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Michelangelo’s Medici Chapel May Contain Hidden Symbols of Female Anatomy

Michelangelo often surreptitiously inserted pagan symbols into his works of art, many of them possibly associated with anatomical representations. A new analysis suggests that Michelangelo may have concealed symbols associated with female anatomy within his famous work in the Medici Chapel.

Tuesday, April 4, 2017 4:38 am EDT
"This study provides a previously unavailable interpretation of one of Michelangelo’s major works, and will certainly interest those who are passionate about the history of anatomy"

Michelangelo often surreptitiously inserted pagan symbols into his works of art, many of them possibly associated with anatomical representations. A new analysis suggests that Michelangelo may have concealed symbols associated with female anatomy within his famous work in the Medici Chapel.

For example, the sides of tombs in the chapel depict bull/ram skulls and horns with similarity to the uterus and fallopian tubes, respectively.

Numerous studies have offered interpretations of the link between anatomical figures and hidden symbols in works of art not only by Michelangelo but also by other Renaissance artists.

“This study provides a previously unavailable interpretation of one of Michelangelo’s major works, and will certainly interest those who are passionate about the history of anatomy,” said Dr. Deivis de Campos, lead author of the Clinical Anatomy article. Another recent analysis by Dr. de Campos and his colleagues revealed similar hidden symbols in Michelangelo’s Sistine Chapel.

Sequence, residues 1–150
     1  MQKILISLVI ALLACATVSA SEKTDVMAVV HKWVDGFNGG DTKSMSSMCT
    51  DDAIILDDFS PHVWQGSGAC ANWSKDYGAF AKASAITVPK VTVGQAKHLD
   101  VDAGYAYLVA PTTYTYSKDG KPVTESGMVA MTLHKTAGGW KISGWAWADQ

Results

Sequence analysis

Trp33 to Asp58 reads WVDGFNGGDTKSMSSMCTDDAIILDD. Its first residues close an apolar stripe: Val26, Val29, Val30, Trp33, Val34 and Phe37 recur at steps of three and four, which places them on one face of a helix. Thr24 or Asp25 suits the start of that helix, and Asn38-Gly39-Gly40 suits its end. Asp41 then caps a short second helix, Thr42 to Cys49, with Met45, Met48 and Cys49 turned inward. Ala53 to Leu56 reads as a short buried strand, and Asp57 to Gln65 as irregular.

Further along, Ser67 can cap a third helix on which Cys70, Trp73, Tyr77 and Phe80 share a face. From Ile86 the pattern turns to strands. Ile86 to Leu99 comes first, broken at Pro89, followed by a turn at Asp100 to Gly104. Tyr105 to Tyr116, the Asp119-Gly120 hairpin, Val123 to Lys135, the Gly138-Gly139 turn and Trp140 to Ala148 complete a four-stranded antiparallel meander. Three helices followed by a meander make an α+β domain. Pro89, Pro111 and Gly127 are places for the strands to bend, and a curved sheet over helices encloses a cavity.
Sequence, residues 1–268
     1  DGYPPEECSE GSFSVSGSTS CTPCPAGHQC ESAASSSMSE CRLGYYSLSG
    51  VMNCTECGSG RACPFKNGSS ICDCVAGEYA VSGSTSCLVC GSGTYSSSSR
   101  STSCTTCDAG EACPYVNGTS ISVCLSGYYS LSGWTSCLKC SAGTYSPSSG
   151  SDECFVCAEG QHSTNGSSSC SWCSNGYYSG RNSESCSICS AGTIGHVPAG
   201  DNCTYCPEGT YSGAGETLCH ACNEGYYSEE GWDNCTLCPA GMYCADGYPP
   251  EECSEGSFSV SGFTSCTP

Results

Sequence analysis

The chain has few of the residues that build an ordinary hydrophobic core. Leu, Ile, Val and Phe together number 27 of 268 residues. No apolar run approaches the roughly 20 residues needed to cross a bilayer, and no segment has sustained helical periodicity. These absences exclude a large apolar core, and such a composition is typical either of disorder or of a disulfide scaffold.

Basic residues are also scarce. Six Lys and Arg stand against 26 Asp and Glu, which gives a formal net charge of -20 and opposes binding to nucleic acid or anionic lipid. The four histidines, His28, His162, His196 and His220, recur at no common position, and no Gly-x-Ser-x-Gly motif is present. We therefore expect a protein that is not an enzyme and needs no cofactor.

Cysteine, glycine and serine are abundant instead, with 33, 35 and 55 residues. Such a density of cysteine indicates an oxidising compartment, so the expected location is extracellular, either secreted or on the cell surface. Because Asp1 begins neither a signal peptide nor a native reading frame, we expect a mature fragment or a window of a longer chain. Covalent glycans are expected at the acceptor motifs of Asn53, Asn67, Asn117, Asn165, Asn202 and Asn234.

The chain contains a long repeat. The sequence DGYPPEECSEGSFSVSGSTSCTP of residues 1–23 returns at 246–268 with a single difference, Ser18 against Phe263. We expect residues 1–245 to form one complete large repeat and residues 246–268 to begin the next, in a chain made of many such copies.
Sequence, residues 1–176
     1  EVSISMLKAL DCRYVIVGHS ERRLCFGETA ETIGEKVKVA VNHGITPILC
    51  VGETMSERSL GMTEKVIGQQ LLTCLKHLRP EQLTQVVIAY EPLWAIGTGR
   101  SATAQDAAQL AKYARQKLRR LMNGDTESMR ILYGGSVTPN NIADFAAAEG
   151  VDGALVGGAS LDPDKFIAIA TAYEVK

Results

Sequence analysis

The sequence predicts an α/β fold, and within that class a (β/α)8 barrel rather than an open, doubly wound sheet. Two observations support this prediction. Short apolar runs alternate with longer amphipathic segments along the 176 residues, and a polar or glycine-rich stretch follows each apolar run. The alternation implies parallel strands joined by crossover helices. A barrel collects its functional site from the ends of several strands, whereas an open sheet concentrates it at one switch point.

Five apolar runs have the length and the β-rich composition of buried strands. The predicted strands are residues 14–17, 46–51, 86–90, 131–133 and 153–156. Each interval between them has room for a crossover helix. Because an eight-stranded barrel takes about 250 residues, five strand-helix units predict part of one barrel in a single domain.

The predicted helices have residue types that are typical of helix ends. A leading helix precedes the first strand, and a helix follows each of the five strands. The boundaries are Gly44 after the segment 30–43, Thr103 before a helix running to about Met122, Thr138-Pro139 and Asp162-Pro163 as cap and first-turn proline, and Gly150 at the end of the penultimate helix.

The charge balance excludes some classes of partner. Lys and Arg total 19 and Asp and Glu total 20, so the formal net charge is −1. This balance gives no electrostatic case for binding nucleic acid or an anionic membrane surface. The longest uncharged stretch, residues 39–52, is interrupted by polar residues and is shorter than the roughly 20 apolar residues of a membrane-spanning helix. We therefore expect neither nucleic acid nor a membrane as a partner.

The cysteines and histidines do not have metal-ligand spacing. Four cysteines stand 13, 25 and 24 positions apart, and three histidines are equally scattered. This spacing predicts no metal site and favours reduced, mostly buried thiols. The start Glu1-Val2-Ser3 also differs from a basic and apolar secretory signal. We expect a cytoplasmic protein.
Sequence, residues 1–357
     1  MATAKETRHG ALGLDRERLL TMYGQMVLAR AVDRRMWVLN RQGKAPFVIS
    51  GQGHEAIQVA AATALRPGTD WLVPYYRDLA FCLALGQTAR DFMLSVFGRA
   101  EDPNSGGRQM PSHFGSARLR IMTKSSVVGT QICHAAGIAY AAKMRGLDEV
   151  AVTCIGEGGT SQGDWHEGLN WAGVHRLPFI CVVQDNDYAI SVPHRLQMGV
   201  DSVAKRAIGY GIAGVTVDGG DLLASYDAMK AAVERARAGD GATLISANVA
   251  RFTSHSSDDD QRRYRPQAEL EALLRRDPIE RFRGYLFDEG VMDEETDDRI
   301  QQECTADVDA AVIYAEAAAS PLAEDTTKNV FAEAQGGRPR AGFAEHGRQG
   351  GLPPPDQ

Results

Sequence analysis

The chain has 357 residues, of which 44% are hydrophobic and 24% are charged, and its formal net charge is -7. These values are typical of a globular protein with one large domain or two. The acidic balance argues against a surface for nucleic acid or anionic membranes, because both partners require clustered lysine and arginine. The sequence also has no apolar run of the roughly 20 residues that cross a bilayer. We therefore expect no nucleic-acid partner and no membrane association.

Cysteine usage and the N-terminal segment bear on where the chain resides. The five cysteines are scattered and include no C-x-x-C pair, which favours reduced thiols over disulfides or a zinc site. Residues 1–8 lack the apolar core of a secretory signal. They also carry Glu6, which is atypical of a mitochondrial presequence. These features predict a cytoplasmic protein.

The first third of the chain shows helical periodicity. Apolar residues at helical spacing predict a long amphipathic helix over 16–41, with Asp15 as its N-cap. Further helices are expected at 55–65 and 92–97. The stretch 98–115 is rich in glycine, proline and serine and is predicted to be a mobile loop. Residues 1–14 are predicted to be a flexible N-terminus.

Additional Information

Link to Study: http://onlinelibrary.wiley.com/doi/10.1002/ca.22882/full

About Journal

Clinical Anatomy is the Official Journal of the American Association of Clinical Anatomists and the British Association of Clinical Anatomists.

The goal of Clinical Anatomy is to provide a medium for the exchange of current information between anatomists and clinicians. This journal embraces anatomy in all its aspects as applied to medical practice. Furthermore, the journal assists physicians and other health care providers in keeping abreast of new methodologies for patient management and informs educators of new developments in clinical anatomy and teaching techniques.

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Contact:

Penny Smith
+44 (0) 1243 770448
sciencenewsroom@wiley.com

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